Greece’s Syriza weaves scheme for default, return to national currency - media
The plan envisions a default similar to the one implemented by Iceland during the 2008 financial crisis, along with the nationalization of the Greek banking system. The party faction considers the continuing negotiations with European creditors useless, The Telegraph reported Monday citing sources familiar with the matter.
It also foresees controlling capital movements and the establishment of a sovereign central bank to serve as a basis for a new financial system.
The introduction of a dual currency is possible, the source said, but would violate the terms of membership in the eurozone, which could mean a quick return to Greece’s previous currency, the drachma.
The initiative was put forward by 30 MPs from Syriza’s Left Platform, but some members of other factions, and even some MPs from the right-wing Independent Greeks party, which is also represented in the government, have also supported the idea.
“This goes well beyond the Left Platform. We are talking serious numbers,” said one Syriza MP involved in the draft.
“We are all horrified by the idea of surrender, and we will not allow ourselves to be throttled to death by European monetary union,” he told the Telegraph.
The authors of the draft take the scenario which unfolded in Iceland at the peak of the 2008 financial crisis as inspiration. At that time, Iceland nationalized three major banks, then defaulted, imposed a ban on the movement of capital abroad, and devalued its currency. Afterwards, the country’s economy markedly improved, and the government’s emergency measures received a positive assessment from the International Monetary Fund.
However, Iceland received financial assistance from the IMF and the Nordic countries at that time, but EU countries are currently refusing to provide further financial assistance to Greece unless it carries out painful economic and social reforms.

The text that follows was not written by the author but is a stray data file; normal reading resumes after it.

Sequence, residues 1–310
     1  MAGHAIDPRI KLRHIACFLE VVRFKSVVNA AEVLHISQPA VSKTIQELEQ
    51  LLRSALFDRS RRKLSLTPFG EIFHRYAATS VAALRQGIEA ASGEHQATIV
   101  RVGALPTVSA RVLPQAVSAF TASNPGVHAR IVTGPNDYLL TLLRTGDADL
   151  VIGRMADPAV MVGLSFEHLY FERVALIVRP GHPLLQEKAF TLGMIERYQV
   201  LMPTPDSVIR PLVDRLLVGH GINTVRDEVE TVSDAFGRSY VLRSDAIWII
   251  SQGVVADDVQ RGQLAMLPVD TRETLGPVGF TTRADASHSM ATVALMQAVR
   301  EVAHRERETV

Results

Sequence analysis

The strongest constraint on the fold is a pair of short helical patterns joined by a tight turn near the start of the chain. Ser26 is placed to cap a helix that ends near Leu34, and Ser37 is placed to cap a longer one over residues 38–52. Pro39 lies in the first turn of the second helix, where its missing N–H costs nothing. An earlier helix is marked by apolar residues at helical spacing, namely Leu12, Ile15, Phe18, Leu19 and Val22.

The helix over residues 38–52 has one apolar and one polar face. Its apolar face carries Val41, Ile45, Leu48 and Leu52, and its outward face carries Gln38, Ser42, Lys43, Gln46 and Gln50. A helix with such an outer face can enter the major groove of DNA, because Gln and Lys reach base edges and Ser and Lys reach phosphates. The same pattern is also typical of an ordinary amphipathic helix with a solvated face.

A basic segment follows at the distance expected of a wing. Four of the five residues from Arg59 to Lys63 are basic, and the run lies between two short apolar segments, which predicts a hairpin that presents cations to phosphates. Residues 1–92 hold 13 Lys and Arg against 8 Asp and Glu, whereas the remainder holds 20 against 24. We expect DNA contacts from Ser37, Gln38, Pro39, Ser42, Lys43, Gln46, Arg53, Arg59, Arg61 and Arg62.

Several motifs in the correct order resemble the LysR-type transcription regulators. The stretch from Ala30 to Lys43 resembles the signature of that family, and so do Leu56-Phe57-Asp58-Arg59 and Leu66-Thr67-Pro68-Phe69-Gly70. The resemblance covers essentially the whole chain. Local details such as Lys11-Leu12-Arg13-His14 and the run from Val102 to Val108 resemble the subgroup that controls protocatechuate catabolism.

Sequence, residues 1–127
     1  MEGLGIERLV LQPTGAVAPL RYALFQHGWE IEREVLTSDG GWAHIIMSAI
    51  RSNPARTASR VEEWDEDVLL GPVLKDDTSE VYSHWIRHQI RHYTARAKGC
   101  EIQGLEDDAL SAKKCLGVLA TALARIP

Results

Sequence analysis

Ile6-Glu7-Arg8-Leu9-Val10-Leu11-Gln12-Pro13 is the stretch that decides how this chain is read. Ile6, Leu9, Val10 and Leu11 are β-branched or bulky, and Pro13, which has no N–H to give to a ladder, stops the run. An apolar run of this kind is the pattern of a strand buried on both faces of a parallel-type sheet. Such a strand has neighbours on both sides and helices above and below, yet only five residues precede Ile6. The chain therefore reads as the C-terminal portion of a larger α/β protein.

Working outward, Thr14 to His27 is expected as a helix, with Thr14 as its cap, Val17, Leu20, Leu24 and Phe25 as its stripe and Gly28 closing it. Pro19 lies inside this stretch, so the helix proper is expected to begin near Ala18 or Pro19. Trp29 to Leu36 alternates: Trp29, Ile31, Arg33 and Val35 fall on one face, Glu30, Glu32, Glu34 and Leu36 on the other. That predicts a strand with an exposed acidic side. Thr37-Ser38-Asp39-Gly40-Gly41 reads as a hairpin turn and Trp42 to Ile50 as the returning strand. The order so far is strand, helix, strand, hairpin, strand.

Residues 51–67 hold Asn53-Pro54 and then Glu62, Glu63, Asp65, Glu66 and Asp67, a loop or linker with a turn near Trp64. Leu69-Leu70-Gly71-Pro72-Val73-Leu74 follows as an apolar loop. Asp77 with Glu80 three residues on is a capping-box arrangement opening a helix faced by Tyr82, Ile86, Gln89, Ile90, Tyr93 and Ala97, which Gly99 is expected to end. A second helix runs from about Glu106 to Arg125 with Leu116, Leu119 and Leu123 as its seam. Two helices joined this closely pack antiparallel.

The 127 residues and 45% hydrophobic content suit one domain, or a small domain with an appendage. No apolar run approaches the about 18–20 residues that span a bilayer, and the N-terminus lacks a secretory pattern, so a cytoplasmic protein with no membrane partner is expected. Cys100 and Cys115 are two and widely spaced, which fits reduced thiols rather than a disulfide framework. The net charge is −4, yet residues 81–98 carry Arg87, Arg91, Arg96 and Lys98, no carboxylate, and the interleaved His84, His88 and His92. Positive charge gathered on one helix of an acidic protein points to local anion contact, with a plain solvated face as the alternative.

If the current Greek government, headed by Alexis Tsipras, accepts the terms demanded by its Troika of creditors (the EC, ECB and IMF), it will fail to fulfill its election promises to Greece’s people. The PM says he will not compromise on pension cuts, tax rises or targets for budget surplus in order to make interest payments.
Meanwhile Athens is facing pressure from international lenders to pay 1.6 billion euros in interest to the IMF by the end June. If an agreement is not reached by June 30, Greece is set to lose the opportunity to receive rescue loans needed to make regular debt payments. This could, in turn, result in imminent default, followed by the country’s exit from the euro zone.
Talks between Greece and international creditors held in Brussels on June 13 and 14 brought no results. The European Commission noted that the gap between Greece’s proposals and the general requirements of the Troika continues to amount to about 2 billion euros in budget savings annually, which is about one half to one percent of Greek GDP.
Chairman of the ECB Mario Draghi said on Monday that they had done everything possible to reach a deal in the negotiations. He added that the next move towards reaching a compromise with international lenders must be made by Greece.
Since the Greek crisis broke out in 2010, the EU and IMF have provided loans to the country in the amount of nearly 250 billion euros. Despite a partial write-off of Greek debt in 2012, its public debt currently exceeds 315 billion euros, or 175% of the country’s GDP. This is three times the maximum permissible level for government debt in the eurozone, which shouldn’t exceed 60% of GDP, according to the Stability and Growth Pact.